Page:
A few years back, I joked with my husband that he was officially old. Watching his colony of bluebirds thrive had risen on his priority list. Getting up early to feed them steroid munching sized worms. Only old people had time for the birds. I humbly stand corrected. I’ve been old, by that standard, for a really long time.
Recently, I came across a picture of a heron I’d painted in a mural years ago. I’d misfiled it, and I was so excited finding it, I posted it immediately on Instagram, not even noticing I’d done so, cutting off most of his head. Here he is, in all his glory.
I started thinking that I have painted quite a few birds over the years, because I think they are glorious subjects to include in a mural.
So without further ado, here are some of my absolute favorites, and a few visits going back to one of my very first murals. This was a blue glazed ceiling, simulating sky. More mood than anything else, the birds were my favorite part.
Another early mural is painted on the stockroom door at TileAmerica in New Haven. This was my early entry into trompe l’oeil painting, and so I pulled out every trick I had, exposed brick, folded paper and a porthole type window. And of course, a pair of birds.
Picking my favorite is next to impossible, but dear to my heart is this one.
Part of a wraparound dining room mural titled Eden, this solitary heron dominates the wall he is located on.
Hard to ignore my other favorites, each special in its medium and design. Measuring only a few inches in size, I think I caught a personality in this one. The fabulous gold leaf background tips the scales here.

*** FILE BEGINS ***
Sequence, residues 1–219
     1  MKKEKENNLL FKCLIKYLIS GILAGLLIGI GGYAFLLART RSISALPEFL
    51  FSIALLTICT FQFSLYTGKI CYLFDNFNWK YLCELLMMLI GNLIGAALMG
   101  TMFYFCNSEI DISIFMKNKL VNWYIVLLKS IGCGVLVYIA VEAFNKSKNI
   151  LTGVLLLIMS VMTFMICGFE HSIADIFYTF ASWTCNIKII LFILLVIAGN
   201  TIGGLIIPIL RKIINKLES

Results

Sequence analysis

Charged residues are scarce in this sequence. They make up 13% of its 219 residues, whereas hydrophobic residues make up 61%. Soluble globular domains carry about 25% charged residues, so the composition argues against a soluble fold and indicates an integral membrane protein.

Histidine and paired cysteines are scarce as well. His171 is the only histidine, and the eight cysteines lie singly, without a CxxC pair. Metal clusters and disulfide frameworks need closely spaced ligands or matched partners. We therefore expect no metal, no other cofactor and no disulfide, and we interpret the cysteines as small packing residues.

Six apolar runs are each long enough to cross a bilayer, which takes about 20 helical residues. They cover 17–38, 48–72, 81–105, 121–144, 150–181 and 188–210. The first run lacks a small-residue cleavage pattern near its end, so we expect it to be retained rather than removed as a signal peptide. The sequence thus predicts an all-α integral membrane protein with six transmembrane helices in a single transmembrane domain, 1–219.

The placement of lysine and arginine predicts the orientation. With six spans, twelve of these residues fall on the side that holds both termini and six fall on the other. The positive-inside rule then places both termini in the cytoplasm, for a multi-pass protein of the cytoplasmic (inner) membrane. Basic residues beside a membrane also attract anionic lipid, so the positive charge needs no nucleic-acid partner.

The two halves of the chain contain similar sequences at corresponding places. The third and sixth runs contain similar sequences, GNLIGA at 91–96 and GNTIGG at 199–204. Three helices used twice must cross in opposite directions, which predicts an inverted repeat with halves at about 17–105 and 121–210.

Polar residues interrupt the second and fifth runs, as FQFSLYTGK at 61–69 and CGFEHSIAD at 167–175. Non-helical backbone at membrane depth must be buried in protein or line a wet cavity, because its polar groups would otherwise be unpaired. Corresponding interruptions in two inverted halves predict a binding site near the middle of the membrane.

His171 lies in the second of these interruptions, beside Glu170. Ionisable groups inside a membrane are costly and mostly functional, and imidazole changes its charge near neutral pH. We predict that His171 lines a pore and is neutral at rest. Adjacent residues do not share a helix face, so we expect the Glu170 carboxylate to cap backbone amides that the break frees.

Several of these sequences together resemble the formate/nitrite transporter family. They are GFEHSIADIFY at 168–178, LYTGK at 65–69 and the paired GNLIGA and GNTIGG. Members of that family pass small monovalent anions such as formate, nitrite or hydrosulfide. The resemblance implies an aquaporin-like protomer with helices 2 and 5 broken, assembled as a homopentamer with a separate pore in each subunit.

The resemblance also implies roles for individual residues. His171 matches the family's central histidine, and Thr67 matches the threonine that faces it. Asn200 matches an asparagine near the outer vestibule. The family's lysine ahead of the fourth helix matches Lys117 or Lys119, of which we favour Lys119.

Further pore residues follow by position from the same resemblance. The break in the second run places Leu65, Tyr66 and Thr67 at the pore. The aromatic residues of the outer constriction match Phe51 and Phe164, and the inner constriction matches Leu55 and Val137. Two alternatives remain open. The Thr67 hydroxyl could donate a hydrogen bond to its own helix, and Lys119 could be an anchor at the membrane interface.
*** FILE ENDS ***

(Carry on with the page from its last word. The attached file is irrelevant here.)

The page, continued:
Chinoiserie holds a fascination for me as well. Here are two traditional, but different in palette, birds.
Right up there in the high drama is another favorite. Ok, I admit, I’m starting to sound like a broken record. They can’t ALL be my favorites, can they? Well, for sure is this owl, part of a night time dome mural.
Some are pure fun, like this parrot painted in his bright finery.
Another way of inserting birds into the composition is to add eye appeal to architectural elements. In this coffered ceiling with painted fretwork, birds and foliage add movement.
Sometimes, they add a touch of whimsy like the resident bird, Cardinal O’Malley, here perched on a trompe l’oeil cornerstone.
Occasionally, I can tuck them in a mass of tree branches.
The fascination doesn’t stop at the painted image. Here is an example of a bas relief piece I created, finished in metallic copper with a hand rubbed umber brown glaze.
I may not be able to pick one favorite, but perhaps you can. I’d love to know your choice.